Did Al Sharpton Know MLK? Not Personally but He’s Influenced by Him

The discussions continue as people rally around the Black Lives Matter movement and push for change in systemic racism and look to make the police force less dangerous for Black citizens. One person who has been very vocal, not only recently, but for decades, is Reverend Al Sharpton. 

The march will be led by families of Black people killed by police.

According to CNN, Al Sharpton is organizing another March on Washington to mark the 57th anniversary of the civil rights protest originally led by Martin Luther King Jr. “On August 28, the 57th anniversary of the March on Washington, we’re going back to Washington,” Al said during a eulogy at the memorial service for George Floyd, the man who was killed by police officers in Minneapolis on May 25.

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“We’re going back this August 28 to restore and recommit that dream [of Dr. Martin Luther King Jr.] … We need to go back to Washington and stand up, Black, white, Latino, Arab, in the shadows of Lincoln and tell them this is the time to stop this,” Sharpton said, according to CNN

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Al said the upcoming march in August is “going to be getting us ready to vote, not just for who’s going to be in the White House, but the statehouse and the city councils that allow these policing measures to go unquestioned.”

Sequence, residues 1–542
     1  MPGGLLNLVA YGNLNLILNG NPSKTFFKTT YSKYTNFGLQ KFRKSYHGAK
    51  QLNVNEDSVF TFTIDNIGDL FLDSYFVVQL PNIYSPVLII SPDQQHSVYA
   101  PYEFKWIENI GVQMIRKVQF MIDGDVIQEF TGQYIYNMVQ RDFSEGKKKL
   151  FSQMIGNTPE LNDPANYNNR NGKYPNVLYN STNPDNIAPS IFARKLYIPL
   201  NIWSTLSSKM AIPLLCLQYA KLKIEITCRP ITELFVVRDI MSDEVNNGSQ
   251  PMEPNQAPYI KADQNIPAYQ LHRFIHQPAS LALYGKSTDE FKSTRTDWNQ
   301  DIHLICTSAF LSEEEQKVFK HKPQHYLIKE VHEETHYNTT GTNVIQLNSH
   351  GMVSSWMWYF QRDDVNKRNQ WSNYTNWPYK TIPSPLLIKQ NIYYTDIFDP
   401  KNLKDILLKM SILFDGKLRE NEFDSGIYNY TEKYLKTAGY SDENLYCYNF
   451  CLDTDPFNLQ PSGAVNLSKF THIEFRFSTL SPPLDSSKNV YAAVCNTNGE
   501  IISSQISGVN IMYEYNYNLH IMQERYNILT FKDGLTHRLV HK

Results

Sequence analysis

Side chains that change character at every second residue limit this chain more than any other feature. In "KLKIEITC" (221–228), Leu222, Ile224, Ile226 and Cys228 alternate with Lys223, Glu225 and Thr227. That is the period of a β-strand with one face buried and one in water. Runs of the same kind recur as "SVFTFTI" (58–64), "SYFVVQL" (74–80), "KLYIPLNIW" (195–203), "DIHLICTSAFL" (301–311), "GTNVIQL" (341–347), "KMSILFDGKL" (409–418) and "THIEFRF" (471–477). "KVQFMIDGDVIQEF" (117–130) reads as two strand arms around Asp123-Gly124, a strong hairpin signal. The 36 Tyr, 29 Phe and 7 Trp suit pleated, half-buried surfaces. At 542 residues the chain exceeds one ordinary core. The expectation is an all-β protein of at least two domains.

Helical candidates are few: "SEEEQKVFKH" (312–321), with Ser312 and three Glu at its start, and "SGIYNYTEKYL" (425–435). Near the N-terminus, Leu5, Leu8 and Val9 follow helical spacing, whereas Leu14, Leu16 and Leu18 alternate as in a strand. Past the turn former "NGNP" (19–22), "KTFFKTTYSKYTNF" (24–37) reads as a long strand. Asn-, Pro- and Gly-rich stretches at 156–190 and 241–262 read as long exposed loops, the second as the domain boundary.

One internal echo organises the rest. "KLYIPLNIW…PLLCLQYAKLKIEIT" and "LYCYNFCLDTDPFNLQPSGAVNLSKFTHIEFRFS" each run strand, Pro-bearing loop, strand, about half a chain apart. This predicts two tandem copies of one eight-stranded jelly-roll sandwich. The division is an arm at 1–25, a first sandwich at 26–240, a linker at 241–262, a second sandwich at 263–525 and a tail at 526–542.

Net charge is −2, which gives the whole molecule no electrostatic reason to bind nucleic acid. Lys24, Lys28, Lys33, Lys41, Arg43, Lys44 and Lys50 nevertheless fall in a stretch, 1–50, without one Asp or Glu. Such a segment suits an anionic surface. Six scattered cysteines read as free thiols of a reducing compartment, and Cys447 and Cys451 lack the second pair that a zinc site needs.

Did Al Sharpton know MLK?

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Al Sharpton was only 9 years old when the MLK delivered his “I Have a Dream” speech so while he didn’t know MLK personally, he’s certainly been influenced by his work. During an interview with the Washington Post in 1990, Al said that he’s looked to the work of MLK to make his own impact in the world. 

“How did King establish his leadership?” he said. “By marching, by putting people in the streets. Tell me when in the history of the civil rights movement the goal wasn’t to stir things up.” 

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Al Sharpton has been outspoken on the rights of Black Americans and he’s changed his activism style over the years to emulate that of the late MLK. 

“In 1995 New York said Sharpton was no longer the ‘Winnie Mandela of African-American politics,’ but was rather adopting a more conciliatory style reminiscent of the late Dr. Martin Luther King Jr. With Sharpton’s entry into mainstream politics a kinder and gentler Al was calling for racial harmony and a Christian attack on the politics of meanness,” YourDictionary wrote. 

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